Troubleshooting failed boot XP

Dell / D600/E6400
December 22, 2008 at 09:07:45
Specs: Pentium 1.4 gh/512 M, Pentium 1.4 gh/512 M
Sorry forum, I messed up the previous post, hopefully this will go well..

I have a new dell E6400 laptop to replace that old D600. The 600 uses a ATA drive and the 6400 is a SATA drive. Using acronis I made an image of the 6400 HD using a Rocketfish USB/eSATA hard drive enclosure and saved it. Then I cloned my ATA hd to the SATA hd to avoid having to set up my computer again as it will take me several days to get the new one loaded with all of my hardware and to look and feel as the old one. After cloning I was able to access the SATA hd via the rocketfish but cant boot to it while in the rocketfish enclosure. I copied all the new laptop drivers to the SATA hd thinking all I need is to boot the SATA with the ATA image in the laptop and then install the drivers from the new laptop and be done... Well, it did not work that way. It fails to completely boot. I tried safe mode and see how all of the winnt/system32/drivers/whateverdriver load. I paid attention to the last driver to load in the screen (the video driver) and renamed that one (using rocketfish) then went back and still no boot. Some error shows but it goes so quick I cant read it. I tried to boot with the log option but I have no idea where that log goes and if it will show the error. Anyone can tell me how to boot, what option to use so I can see where the fail point is? I can put the original image back in the SATA and it works so I dont think is acronis or a problem with the rocketfish addapter. Any guidance will be appreciate it. I really hate to think that my only option will be to load all of my programs and set up the new pc manually... It will be a nightmare!!!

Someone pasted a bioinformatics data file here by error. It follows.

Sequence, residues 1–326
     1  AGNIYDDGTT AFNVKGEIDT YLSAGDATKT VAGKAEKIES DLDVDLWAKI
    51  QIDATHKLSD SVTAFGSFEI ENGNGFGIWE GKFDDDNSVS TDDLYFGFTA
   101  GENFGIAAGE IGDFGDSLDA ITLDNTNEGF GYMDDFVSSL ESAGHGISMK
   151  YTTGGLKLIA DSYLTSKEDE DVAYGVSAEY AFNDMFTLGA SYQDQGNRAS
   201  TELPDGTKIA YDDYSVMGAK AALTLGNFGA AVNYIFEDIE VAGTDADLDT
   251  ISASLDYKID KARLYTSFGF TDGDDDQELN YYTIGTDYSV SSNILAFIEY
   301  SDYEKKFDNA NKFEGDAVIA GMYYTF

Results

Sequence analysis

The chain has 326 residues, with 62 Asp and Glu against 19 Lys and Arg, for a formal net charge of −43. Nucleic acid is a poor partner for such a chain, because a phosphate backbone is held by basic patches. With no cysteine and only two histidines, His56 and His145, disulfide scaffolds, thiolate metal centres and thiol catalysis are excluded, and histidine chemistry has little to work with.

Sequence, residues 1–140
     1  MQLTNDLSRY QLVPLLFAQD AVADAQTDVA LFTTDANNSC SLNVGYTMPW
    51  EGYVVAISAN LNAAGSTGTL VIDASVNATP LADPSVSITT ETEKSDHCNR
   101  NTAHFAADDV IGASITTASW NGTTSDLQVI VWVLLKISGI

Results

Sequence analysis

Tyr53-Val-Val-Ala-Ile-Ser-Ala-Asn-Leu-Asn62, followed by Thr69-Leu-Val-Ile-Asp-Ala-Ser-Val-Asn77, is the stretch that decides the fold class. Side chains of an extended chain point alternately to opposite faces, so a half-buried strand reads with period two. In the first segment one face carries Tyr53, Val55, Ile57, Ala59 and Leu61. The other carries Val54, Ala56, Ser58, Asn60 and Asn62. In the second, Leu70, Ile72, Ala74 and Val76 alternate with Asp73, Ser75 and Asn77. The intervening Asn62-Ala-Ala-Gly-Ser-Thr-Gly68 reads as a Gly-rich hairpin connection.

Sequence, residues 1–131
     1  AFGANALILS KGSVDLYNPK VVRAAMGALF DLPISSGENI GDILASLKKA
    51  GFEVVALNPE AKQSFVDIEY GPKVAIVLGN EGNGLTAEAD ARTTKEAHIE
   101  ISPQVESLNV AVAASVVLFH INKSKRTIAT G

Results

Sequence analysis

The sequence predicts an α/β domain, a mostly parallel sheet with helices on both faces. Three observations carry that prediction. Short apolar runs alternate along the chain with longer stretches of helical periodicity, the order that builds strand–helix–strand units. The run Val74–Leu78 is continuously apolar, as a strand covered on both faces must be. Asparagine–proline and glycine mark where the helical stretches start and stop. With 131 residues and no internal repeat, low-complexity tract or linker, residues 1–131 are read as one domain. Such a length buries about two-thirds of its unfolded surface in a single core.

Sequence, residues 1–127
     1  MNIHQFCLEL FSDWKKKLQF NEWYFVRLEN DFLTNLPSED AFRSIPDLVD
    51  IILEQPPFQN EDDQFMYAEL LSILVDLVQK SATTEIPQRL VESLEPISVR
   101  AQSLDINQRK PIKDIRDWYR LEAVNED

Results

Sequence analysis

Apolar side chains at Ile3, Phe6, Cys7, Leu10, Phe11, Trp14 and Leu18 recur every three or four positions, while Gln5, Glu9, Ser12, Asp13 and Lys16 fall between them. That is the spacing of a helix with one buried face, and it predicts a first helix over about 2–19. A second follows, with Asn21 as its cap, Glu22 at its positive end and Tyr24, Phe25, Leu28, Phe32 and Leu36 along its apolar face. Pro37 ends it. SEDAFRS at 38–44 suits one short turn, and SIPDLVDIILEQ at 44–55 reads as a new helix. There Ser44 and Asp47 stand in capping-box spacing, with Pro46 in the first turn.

See More: Troubleshooting failed boot XP

Report •


#1
December 22, 2008 at 11:03:14
Sorry Nandy! You cannot do what you are trying to do.

You cannot clone a HD from one system to another and have it work, especially with laptops!

You have to byte the bullet and set up your new system. The following might help:

Step-by-Step Guide to Migrating Files and Settings
http://technet.microsoft.com/en-us/...

Note that files and settings can be migrated but not 'programs', they will have to be installed.

I'm glad that you have Acronis, don't forget to use it for backup once you have your system the way you want it.


Report •

#2
December 22, 2008 at 11:21:01
You may need to connect the external drive to a different USB port.
See response 3 in this:
http://www.computing.net/answers/wi...

In addition........
External hard drives cannot get enough power (current) from one USB port.
3 1/2" drives in an external enclosure require an external power adapter be connected to the external case.
2 1/2" hard drives in an external enclosure require TWO cables with TWO USB connections on the computer end, one cable only needs two wires for 5v power, or the cable that needs only two wires can be connected to a an external power adapter meant for supplying up to 500ma at 5v, such as one with a USB port for powering an MP3 player.

If you want to be able to boot an operating system from a USB connected external drive, you must have the ability in the bios settings to be able to have a USB connected drive listed before any internal hard drive(s) in the boot order.

If the hard drive you copied had Windows installed on it when it was connected to a different mboard, if the mboard in the present laptop is more than a little different, XP will often not boot into Windows - what you typically see is the first bit of Windows graphics, then a black screen, blinking cursor top left, and nothing further happens.